In this way, we separate good works from salvation. However, this is a misguided doctrine which is far from the truth. If we are saved, we will naturally do good works, as every good tree bears good fruit and a bad tree bears bad fruit (Mt 7:17). Salvation and good works are one, as the tree and its fruit are one. So if we are saved truly, good work will stream out naturally from us as a part of life, not for the reward and not for any purpose.
Furthermore, salvation is being born again, as Jesus says “I tell you the truth, no one can see the kingdom of God unless he is born again” (Jn 3:3). Salvation into the kingdom means being born again into the kingdom.
In reality, we, like this lawyer, are trying to inherit eternal life by works, but manipulate language to justify ourselves.
What Is Written In the Law? How Do You Read It?
Jesus replied to the lawyer’s question as follows:
“What is written in the Law?” and “How do you read it?” (v. 26).
The word of God that is written in the Scripture contains the intent of God, the writer. But readers will read according to their own eyes independently from the heart of God who wrote it. That’s why Jesus is asking this question of the lawyer.
How about us? “Are we sure that we read the Bible according to the heart of God?” Whatever answer we may have, we are to read the Bible with our own legalistic eye, which will convert all that it takes into the law unwittingly and automatically. This legalistic eye will only be removed when we are truly saved.
Love God, Love Your Neighbor!
To Jesus’ question, the lawyer summarized the whole Old Testament simply in two sentences.
“Love the Lord your God with all your heart and with all your soul and with all your strength and with all your mind; and, Love your neighbor as yourself” (v. 27).
It is not easy to sum up like this, and we can know how diligently this lawyer has searched the Scripture. Anyway, what will be the meaning of that? It is simple and easy. It is, as written, a command to ‘love God with all our hearts and love our neighbors as ourselves.’ So, the lawyer has been trying his best to practice it, even though it is a heavy load. We also struggle to love as commanded by the Scripture and to work following what Jesus did. And we read the parable of the Good Samaritan as a commandment to love our neighbors. We read all the Scripture as if it was the law to keep.
However, the true meaning of “Love God and Love neighbor” is ‘grace’ which says, “If you meet and follow Jesus, He will make you a man, a being, who loves God and loves his neighbor naturally.” This will be clearer when we discuss the parable later.
Now, you will see that what we read is totally different from what was meant. That’s why Jesus says to us “What is written in the parable?” and “How does it read to you?”
Do This and You Will Live!
Jesus said to him, “You have answered correctly,” and “Do this and you will live” (v. 28). The lawyer thought he was on the right track. He understood Jesus’ saying as that “if you continue to love God and love neighbor as you do now, you will receive eternal life.” So he will try to do so even more diligently.
However, as we discussed, what Jesus meant was “Follow Jesus who is in front of you and be born again, then you will inherit eternal life.” You will notice that the dialogue between Jesus and the lawyer runs parallel without crossing right from the beginning to the end.
Who Is My Neighbor?
“But he wanted to justify himself, so he asked Jesus, And who is my neighbor?” (v. 29).
When the lawyer heard Jesus saying “Do this and you will live,” he wanted to justify himself showing that he was helping the people in need. So he asked Jesus, “Who is my neighbor?”
The lawyer expected Jesus would answer “Your neighbor is he who desperately needs your helping hand, being half dead.” If Jesus said that, then the lawyer’s good work would be justified. We all will share the same opinion with the lawyer and so we already have been helping our neighbors in the name of Jesus.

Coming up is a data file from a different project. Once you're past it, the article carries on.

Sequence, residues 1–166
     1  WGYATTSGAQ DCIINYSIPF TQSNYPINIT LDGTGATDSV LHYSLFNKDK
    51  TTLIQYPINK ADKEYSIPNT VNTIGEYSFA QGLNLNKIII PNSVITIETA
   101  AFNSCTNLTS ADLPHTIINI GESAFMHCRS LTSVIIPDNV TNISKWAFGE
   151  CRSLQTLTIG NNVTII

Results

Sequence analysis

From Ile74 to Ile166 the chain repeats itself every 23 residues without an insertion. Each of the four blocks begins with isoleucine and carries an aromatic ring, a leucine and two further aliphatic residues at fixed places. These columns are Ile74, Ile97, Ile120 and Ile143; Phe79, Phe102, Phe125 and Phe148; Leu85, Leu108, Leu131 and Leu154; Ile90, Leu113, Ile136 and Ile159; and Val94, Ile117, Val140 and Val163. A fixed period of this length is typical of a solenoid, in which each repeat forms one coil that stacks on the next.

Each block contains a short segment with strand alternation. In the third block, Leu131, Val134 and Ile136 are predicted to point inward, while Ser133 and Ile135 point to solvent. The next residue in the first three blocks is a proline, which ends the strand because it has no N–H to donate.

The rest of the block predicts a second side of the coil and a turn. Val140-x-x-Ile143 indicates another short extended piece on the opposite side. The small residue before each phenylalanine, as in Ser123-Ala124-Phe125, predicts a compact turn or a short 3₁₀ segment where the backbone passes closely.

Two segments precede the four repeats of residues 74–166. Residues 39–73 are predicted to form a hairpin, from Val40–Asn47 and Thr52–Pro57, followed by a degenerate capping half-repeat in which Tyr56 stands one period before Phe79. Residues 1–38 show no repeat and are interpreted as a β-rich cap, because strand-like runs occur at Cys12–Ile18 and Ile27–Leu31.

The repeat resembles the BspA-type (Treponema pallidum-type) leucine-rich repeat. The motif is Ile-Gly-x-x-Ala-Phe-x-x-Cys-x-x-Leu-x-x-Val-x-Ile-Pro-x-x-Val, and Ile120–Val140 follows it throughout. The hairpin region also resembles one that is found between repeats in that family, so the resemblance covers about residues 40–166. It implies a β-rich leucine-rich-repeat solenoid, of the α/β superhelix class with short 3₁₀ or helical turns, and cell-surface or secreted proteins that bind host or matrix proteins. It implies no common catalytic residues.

Unfortunately, however, Jesus answered very unexpectedly.
Who Do You Think Was A Neighbor to the Man?
Jesus, without answering outright, gave a parable of the Good Samaritan. Read the parable to refresh your memory and to follow this explanation. After giving the parable, Jesus asked the lawyer, “Which of these three do you think was a neighbor to the man who fell into the hands of robbers?” (v. 36).
The lawyer answered, “The one who had mercy on him,”—who was the Samaritan. The Samaritan was the neighbor to the man who fell into the hands of robbers. To the lawyer’s question of “Who is my neighbor,” Jesus derived an answer through the lips of the lawyer himself, that, “Your neighbor is the Samaritan.”
We have to think deeply about Jesus’ question. When the lawyer asked, “Who is my neighbor,” Jesus questioned back to the lawyer, “Who was a neighbor to the man who fell into the hands of robbers?” We automatically convert this question in our hearts into “Who was the neighbor to the Samaritan?” Of course, our answer is “The man who fell into the hands of robbers,” and try to find such a man to stretch out our helping hands.
I guess this is the way how we have believed in Jesus up to now. But, Jesus never said anything like that. It is our interpretation of our own way and how we go around all over the place.
Listen carefully. The lawyer’s question was “Who is my neighbor?” Jesus’ answering question was “Who was a neighbor to the man who fell into the hands of robbers?” Jesus equates the lawyer with the man half dead.
In other words, Jesus says that the lawyer cannot save and help the neighbor, but he is to receive pity from neighbor, the Samaritan. Therefore, Jesus’ answer to lawyer’s question “Who is my neighbor?” was the ‘Samaritan,’ not the ‘man who was half dead.’
You will now understand that what Jesus said and how it reads to you are totally different. And you have followed Jesus based on such misunderstandings so far. Then, do you think you have followed Jesus, or someone else? Someone else, of course. If you continue to believe in this way, at the end of the day Jesus will say to you, “I never knew you. Away from me,” as a natural consequence. Do not think this is an isolated case, because all along you have been reading the Bible with the same eyes. It’s time to think deep.
Go and Do Likewise!
Regardless of what and how the lawyer understand what Jesus said, Jesus added further,
“Go and do likewise!”
By this, what Jesus really meant is: “You, the lawyer, are the man half dead who fell on the hands of the robbers. You need a good Samaritan, the real Jesus, who will save you. And only after being saved, you will likewise be able to save your neighbor.”
If he does not realize that he is half dead, he will interpret this saying as a commandment to help the half-dead man, too, being himself half dead. However, if you understand what Jesus said correctly as above, you will try to find Jesus first of all, and stop searching for the half-dead.
Meet Jesus, a man, and follow Him, and you will be saved.
Already done so?
Do it again, correctly this time!
Taken from “The Second Call of Jesus”